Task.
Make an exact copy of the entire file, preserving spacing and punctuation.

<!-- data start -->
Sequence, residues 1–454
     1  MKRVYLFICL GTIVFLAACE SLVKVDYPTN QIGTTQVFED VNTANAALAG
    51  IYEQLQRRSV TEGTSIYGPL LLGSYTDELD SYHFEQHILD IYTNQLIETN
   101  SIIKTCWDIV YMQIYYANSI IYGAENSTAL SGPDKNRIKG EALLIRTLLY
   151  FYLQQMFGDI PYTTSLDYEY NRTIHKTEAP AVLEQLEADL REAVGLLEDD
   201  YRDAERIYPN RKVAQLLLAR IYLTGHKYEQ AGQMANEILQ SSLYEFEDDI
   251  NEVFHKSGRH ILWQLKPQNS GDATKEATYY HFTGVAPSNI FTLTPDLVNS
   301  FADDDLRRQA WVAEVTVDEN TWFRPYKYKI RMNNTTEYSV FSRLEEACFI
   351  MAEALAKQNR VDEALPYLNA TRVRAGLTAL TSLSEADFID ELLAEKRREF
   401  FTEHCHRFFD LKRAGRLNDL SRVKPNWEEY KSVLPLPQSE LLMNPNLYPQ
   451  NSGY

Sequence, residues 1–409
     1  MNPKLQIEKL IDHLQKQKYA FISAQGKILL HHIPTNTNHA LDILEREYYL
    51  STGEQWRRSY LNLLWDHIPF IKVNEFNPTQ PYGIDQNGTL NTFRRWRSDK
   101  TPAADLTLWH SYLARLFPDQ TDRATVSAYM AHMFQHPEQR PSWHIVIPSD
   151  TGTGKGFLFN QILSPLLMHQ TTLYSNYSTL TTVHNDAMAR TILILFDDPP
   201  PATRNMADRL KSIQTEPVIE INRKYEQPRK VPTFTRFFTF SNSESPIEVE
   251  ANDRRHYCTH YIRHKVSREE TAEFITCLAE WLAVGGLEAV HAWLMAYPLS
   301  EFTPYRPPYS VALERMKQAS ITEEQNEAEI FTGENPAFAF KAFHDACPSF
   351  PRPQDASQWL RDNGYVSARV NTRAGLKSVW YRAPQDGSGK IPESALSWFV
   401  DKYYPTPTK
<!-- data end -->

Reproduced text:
Sequence, residues 1–454
     1  MKRVYLFICL GTIVFLAACE SLVKVDYPTN QIGTTQVFED VNTANAALAG
    51  IYEQLQRRSV TEGTSIYGPL LLGSYTDELD SYHFEQHILD IYTNQLIETN
   101  SIIKTCWDIV YMQIYYANSI IYGAENSTAL SGPDKNRIKG EALLIRTLLY
   151  FYLQQMFGDI PYTTSLDYEY NRTIHKTEAP AVLEQLEADL REAVGLLEDD
   201  YRDAERIYPN RKVAQLLLAR IYLTGHKYEQ AGQMANEILQ SSLYEFEDDI
   251  NEVFHKSGRH ILWQLKPQNS GDATKEATYY HFTGVAPSNI FTLTPDLVNS
   301  FADDDLRRQA WVAEVTVDEN TWFRPYKYKI RMNNTTEYSV FSRLEEACFI
   351  MAEALAKQNR VDEALPYLNA TRVRAGLTAL TSLSEADFID ELLAEKRREF
   401  FTEHCHRFFD LKRAGRLNDL SRVKPNWEEY KSVLPLPQSE LLMNPNLYPQ
   451  NSGY

Sequence, residues 1–409
     1  MNPKLQIEKL IDHLQKQKYA FISAQGKILL HHIPTNTNHA LDILEREYYL
    51  STGEQWRRSY LNLLWDHIPF IKVNEFNPTQ PYGIDQNGTL NTFRRWRSDK
   101  TPAADLTLWH SYLARLFPDQ TDRATVSAYM AHMFQHPEQR PSWHIVIPSD
   151  TGTGKGFLFN QILSPLLMHQ TTLYSNYSTL TTVHNDAMAR TILILFDDPP
   201  PATRNMADRL KSIQTEPVIE INRKYEQPRK VPTFTRFFTF SNSESPIEVE
   251  ANDRRHYCTH YIRHKVSREE TAEFITCLAE WLAVGGLEAV HAWLMAYPLS
   301  EFTPYRPPYS VALERMKQAS ITEEQNEAEI FTGENPAFAF KAFHDACPSF
   351  PRPQDASQWL RDNGYVSARV NTRAGLKSVW YRAPQDGSGK IPESALSWFV
   401  DKYYPTPTK